News Release: Opportunity for Students to Receive Their Routine and Recommended Vaccines

Posted on Tuesday September 27, 2022

NORTH BAY, ON – Parents/caregivers with school-aged children can expect to receive information through their child’s school about routine vaccine clinics being offered by the North Bay Parry Sound District Health Unit (Health Unit). In-school clinics will start in October for grades 7 and 8 and in December for high school students. Parents and caregivers with students of any age can also choose to book appointments through their child’s health care provider, ensuring the health care provider forwards the information to the Health Unit.

According to the Immunization of School Pupils Act, students aged four to 17 must be vaccinated to attend school in the province of Ontario. The Health Unit, in conjunction with school boards across the Nipissing and Parry Sound Districts, work together to ensure students are up to date on their routine and recommended vaccines.

Students in grades 7 and 8 are eligible for one required vaccine, meningitis (Men-C-ACYW-135), and two recommended vaccines, hepatitis B (Hep B) and human papilloma virus (HPV).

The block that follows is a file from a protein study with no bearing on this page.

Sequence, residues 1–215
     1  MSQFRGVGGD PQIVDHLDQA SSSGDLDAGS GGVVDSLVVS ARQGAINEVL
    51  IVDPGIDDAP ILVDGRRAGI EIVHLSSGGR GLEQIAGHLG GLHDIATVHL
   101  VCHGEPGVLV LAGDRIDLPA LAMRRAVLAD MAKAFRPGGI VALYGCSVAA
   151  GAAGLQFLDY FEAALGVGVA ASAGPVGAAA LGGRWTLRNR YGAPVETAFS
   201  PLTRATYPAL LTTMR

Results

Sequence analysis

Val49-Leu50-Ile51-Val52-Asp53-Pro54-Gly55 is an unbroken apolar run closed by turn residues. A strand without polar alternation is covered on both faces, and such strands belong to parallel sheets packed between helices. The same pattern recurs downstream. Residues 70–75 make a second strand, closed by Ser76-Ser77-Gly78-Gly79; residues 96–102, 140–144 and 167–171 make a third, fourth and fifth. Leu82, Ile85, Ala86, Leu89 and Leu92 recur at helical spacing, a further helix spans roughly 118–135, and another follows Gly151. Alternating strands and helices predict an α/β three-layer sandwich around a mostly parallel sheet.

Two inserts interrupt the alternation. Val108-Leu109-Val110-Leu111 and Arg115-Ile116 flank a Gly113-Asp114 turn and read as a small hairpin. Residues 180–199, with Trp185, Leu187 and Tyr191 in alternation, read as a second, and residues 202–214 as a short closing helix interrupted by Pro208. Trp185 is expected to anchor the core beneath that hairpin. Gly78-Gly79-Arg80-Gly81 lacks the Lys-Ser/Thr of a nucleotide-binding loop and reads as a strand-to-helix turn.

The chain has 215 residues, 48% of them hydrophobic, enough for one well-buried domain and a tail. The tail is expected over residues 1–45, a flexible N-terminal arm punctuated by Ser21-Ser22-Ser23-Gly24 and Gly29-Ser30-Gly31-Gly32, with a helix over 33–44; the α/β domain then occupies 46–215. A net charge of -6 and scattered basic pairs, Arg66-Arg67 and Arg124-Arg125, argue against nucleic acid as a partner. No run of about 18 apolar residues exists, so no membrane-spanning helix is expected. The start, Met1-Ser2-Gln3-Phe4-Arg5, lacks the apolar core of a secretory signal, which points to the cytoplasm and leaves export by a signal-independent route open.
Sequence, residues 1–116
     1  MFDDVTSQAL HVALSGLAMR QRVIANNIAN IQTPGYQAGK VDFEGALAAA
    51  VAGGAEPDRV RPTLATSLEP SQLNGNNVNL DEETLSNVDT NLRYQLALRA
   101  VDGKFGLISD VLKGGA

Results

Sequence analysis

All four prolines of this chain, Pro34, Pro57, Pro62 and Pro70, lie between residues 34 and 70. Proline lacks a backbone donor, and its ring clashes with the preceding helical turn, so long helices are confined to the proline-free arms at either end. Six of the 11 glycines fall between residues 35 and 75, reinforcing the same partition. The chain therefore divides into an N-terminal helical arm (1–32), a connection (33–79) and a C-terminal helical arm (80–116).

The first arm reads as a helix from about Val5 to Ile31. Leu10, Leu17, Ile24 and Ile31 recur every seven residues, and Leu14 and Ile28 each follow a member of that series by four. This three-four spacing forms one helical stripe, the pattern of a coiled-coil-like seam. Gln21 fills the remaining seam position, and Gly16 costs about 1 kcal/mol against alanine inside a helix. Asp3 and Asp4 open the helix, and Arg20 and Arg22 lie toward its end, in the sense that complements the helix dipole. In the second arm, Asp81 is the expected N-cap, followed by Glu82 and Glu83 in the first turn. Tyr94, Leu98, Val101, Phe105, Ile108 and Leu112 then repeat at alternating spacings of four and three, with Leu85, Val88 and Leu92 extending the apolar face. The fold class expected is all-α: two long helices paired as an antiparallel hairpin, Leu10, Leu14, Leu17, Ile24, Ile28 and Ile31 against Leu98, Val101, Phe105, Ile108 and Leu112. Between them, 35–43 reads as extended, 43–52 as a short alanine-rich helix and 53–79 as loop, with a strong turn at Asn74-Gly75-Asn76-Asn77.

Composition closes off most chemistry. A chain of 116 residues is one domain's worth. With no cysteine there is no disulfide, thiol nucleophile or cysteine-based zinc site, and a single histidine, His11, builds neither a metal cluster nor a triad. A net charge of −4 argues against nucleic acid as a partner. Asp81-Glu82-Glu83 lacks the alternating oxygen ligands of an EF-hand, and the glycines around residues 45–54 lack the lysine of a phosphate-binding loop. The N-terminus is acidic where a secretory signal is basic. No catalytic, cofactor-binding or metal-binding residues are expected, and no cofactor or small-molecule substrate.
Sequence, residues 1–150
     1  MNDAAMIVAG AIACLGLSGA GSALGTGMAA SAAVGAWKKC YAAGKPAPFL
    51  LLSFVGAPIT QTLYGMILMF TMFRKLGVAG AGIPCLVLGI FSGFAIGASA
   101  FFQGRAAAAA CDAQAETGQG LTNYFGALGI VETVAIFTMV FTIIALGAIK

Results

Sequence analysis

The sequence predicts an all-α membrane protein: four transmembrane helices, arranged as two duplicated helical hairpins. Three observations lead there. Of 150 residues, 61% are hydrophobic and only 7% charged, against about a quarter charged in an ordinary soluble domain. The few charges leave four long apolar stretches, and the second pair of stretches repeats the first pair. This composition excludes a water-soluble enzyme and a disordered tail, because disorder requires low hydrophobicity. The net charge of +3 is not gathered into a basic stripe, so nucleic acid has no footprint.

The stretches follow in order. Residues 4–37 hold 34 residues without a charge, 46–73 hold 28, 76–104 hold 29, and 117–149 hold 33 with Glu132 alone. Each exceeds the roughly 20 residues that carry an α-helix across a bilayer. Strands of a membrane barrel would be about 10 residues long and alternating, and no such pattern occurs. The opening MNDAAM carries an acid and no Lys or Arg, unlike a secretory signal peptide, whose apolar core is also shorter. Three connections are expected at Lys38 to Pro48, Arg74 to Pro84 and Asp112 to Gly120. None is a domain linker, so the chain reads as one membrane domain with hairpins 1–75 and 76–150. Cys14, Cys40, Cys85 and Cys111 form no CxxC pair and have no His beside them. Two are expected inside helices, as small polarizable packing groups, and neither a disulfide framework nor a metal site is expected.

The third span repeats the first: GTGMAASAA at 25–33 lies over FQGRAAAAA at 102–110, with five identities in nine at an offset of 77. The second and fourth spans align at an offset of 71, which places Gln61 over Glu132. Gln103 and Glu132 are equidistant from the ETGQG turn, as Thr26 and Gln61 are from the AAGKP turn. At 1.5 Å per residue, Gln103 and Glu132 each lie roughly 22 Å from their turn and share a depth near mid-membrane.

Due to the COVID pandemic, many students missed receiving these vaccines in Grade 7. The province has extended the eligibility for students born in 2006, 2007, or 2008 to receive the Hep B vaccine, and for those born in 2002, 2003, and 2004 to receive the HPV vaccine. These students have until August 31, 2023, to receive these vaccines free of charge at an upcoming school clinic, by their primary care provider or by making an appointment at the Health Unit.

“We know parents and caregivers are doing the best they can. Sometimes they don’t realize their school-aged child’s vaccinations aren’t up-to-date. This is why we give families opportunities to check their records, get vaccinated and update the records, if necessary,” explains Marlene Campsall, Manager Vaccine Preventable Diseases.

Parents and caregivers can learn which vaccines their child is behind on by checking their immunization record online at, or by calling the Health Unit. Vaccines that were completed at a health care providers’ office may not have been shared with public health. If this is the case, please have your health care provider share the record with the Health Unit.


Quick Facts

  • HPV is the most commonly sexually transmitted infection in the world and is the primary cause of cervical cancer in women and is associated with the throat, anal, and penile cancers.
  • Hepatitis B is a vaccine-preventable liver infection caused by the hepatitis B virus (HBV). For many people, hepatitis B is a short-term illness. For others, it can become a long-term, chronic infection that can lead to serious, even life-threatening health issues like cirrhosis or liver cancer.

Media Inquiries:

Alex McDermid, Public Relations Specialist
P: 705-474-1400, ext. 5221 or 1-800-563-2808

North Bay

345 Oak Street West

Parry Sound

70 Joseph Street Unit #302

Burk's Falls

17 Copeland Street (by appointment only)